Originally posted: Monday, December 27, 2010 on Blogger

I realize that my summaries are much too long and detailed, so I honestly will cut them back this time! However, there will still be plenty of spoilers, especially in the “My Thoughts” section, so read at your own discretion as usual.

Summary


Miaka and her warriors find themselves on an island with an oppressive matriarchy that gorges out the eyes of all men and enslaves them.

Thankfully they all manage to escape before anything happens and finally make it to Bei-Jia and eventually the capital. On the way there, however, Tamahome confronts Miaka and she promises to stay with him in the world of the book.

Once in the city, the warriors split up to look for clues, while Nakago sends Ashitare to kill Miaka. Tamahome, Miaka and Nuriko make one group and they discover a monument with Genbu’s picture. Tamahome decides to take up the offer of a shady character, who claims his father knows what is written on the monument. While Tamahome gathers info from the thugs, Nuriko and Miaka are attacked by Ashitare. Nuriko manages to scare him away by shooting their signal flare at him.

When Tamahome returns, he brings back vital information, namely, that the Shentso-Pao is located in some dark cave. The three of them decide to split up again with Nuriko going on ahead to the cave and Miaka and Tamahome searching for the others to tell them about the location of the Shentso-Pao. Meanwhile, Nakago whips Ashitare for failing his task and sends him out again. Ashitare follows Nuriko’s scent and a battle ensures. While Nuriko manages to kill Ashitare, he is also fatally wounded and dies beside Miaka and Tamahome, who came running because they felt something terrible had happened. Finishing off volume 8 on a rather sombre note.

My Thoughts


I really like this volume’s cover; the soft pastel blue and pink look very nice together. And as usual, the art in Fushigi Yugi is stunning. Tasuki got his own chapter cover too, which is nice since usually it’s either a group picture or one of the main three: Miaka, Tama, or Hotohori.

I thought the evil matriarchy was a bit silly and overdone, mainly because every time there is a matriarchy, it’s an evil empire/kingdom hell bent on exterminating or enslaving men. Maybe I’m watching/reading the wrong stuff, but I have yet to see a positive depiction of a matriarchy. It’s not really important and Fushigi Yugi isn’t here to break any new grounds in the story elements department, but it is just frustrating to see this trope so much; as if the idea of women being in charge was utterly preposterous and dangerous. I don’t think it was Watase-san’s intention here, but I don’t doubt the birth of this story element was based on the idea that women ruling would lead to hell in general and in particular for men. What makes this even more funny is that patriarchy has been doing this to women for hundreds of years in varying degrees, yet that’s seen as perfectly normal (i.e. it’s not utterly ridiculous or destructive when males rule). Go figure!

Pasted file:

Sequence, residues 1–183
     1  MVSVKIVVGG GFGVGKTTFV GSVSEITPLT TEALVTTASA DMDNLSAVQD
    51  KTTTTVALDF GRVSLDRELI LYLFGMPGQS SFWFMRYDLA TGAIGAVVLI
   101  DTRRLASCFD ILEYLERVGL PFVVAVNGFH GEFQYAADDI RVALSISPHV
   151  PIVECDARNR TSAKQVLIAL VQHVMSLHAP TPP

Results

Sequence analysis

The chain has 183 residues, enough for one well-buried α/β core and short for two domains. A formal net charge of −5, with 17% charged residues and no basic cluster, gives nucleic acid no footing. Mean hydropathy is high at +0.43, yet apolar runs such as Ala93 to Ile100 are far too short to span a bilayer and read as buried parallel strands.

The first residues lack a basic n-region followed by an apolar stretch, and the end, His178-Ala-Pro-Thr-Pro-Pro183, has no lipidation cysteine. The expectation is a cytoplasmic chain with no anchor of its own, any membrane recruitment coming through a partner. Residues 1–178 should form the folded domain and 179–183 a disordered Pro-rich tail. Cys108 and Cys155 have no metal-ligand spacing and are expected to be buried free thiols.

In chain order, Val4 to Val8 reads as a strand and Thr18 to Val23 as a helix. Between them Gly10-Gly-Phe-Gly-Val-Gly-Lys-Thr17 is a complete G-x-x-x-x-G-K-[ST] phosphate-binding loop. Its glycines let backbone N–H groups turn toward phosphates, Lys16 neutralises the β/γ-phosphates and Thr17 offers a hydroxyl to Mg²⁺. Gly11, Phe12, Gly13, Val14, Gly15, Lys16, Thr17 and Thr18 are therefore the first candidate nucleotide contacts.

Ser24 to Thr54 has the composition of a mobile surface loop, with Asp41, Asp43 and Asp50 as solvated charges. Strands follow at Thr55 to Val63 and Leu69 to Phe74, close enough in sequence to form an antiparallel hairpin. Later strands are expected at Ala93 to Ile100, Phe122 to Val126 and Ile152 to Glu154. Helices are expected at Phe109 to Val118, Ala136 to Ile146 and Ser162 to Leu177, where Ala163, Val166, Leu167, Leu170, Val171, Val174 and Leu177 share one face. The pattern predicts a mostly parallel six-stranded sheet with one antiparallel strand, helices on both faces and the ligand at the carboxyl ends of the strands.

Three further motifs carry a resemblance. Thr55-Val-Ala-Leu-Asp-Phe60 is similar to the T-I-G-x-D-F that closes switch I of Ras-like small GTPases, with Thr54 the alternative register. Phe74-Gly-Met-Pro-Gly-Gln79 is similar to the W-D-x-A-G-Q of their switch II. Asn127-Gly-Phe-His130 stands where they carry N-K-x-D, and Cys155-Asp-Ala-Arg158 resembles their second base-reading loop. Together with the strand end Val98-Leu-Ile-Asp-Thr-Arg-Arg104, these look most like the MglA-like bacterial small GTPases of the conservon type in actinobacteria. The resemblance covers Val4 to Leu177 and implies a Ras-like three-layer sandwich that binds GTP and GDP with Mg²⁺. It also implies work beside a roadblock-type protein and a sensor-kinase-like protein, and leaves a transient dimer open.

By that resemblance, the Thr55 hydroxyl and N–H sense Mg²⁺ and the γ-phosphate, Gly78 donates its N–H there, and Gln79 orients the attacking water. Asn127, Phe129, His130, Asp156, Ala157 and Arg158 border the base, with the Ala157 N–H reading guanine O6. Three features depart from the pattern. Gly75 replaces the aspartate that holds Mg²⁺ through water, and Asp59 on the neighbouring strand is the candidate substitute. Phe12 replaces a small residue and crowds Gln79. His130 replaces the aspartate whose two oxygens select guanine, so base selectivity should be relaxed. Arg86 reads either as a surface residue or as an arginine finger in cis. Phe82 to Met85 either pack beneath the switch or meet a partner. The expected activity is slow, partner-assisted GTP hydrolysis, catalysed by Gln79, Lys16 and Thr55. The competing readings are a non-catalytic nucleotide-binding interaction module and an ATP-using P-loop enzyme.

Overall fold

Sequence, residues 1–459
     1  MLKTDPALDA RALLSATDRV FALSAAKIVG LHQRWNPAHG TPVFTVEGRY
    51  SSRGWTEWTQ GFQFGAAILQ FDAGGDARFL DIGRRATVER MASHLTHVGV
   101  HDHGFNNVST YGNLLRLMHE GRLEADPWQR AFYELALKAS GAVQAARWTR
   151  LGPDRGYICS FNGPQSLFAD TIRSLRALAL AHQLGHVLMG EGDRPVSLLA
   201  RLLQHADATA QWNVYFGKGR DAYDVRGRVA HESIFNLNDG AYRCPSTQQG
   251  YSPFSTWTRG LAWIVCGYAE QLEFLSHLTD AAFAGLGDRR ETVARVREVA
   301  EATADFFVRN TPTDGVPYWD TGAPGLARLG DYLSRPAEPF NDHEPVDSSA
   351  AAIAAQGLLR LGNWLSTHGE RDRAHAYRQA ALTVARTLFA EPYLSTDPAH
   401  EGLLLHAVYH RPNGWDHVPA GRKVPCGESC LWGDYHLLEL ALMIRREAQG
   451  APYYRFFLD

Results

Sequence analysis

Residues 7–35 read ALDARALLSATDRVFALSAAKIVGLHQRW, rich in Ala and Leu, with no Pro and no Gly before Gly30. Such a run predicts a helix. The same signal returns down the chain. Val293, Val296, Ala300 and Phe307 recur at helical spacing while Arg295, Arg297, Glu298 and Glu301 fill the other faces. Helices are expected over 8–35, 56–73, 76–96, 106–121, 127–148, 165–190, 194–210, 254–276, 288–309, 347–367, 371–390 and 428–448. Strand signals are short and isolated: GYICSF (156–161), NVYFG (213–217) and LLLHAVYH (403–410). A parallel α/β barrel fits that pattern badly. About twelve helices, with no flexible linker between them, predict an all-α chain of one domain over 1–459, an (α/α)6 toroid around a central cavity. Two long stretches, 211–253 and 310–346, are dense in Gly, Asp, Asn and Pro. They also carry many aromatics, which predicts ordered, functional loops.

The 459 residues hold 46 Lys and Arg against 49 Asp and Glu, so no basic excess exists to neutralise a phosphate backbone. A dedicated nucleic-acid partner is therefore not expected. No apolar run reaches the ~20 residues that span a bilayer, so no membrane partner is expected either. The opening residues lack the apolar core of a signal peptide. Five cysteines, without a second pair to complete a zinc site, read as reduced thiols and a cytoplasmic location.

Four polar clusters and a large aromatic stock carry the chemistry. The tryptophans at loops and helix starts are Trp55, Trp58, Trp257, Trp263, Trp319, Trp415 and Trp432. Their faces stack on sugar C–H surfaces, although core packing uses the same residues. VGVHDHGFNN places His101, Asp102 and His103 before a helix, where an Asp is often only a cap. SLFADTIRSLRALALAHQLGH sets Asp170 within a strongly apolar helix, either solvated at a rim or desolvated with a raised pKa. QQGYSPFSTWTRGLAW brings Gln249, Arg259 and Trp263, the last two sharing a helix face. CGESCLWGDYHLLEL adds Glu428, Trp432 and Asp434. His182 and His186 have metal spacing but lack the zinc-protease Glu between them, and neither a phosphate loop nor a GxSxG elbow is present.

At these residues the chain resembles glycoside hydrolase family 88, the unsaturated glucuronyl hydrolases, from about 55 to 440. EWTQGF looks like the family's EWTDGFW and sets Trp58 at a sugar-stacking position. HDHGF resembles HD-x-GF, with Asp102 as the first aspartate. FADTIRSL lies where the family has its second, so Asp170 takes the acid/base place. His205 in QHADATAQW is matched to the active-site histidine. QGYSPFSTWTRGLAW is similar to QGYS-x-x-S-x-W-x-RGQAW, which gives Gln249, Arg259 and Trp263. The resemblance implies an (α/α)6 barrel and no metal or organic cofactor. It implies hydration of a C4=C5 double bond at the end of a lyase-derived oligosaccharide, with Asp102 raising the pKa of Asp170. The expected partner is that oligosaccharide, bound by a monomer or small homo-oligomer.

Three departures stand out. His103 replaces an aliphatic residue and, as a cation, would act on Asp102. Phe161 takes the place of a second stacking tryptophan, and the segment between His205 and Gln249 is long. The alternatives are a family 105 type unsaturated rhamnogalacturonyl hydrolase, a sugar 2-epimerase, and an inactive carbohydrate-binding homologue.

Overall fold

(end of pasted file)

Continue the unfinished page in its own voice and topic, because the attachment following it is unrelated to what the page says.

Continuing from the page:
Miaka was actually ok in this volume. Although, her decision to remain inside a book with a fictional character was rather haste and thus unrealistic. Usually when one is torn between two equally important people, the choice isn’t so easy to make. Although, if this decision was another form of her “running away” I wouldn’t be surprised.

Strangely enough, Yui acts rather odd this volume. Tamahome confronts her and tells her that she really wants Miaka, not him, which she doesn’t deny, but rather seems to confirm by saying it’s too late to be friends with Miaka again. Then later, she bitterly states that she won’t let Miaka find happiness. I was rather puzzled by this. I mean if she loves Miaka as a dear friend, why is she still unable to let go of the bitterness of her rape? How can see resent the very person she supposedly deeply loves? Or does she resent the fact that she cannot have the love of her friend back? Maybe that’s it….maybe.

And just when I was finally warming up to Nuriko, he’s killed off. I’m not angry at Watase-san, just disappointed to see one of my favourite characters go. It’s always sad seeing personal favourites either killed or put on the back burner. I mean most of my enjoyment in reading stories comes from the characters I personally love and grow attached too. An interesting story is important too, but I do believe the characters are the heart of a good book. Overall though, volume 8 was one of the better volumes and I really enjoyed it.

–SW

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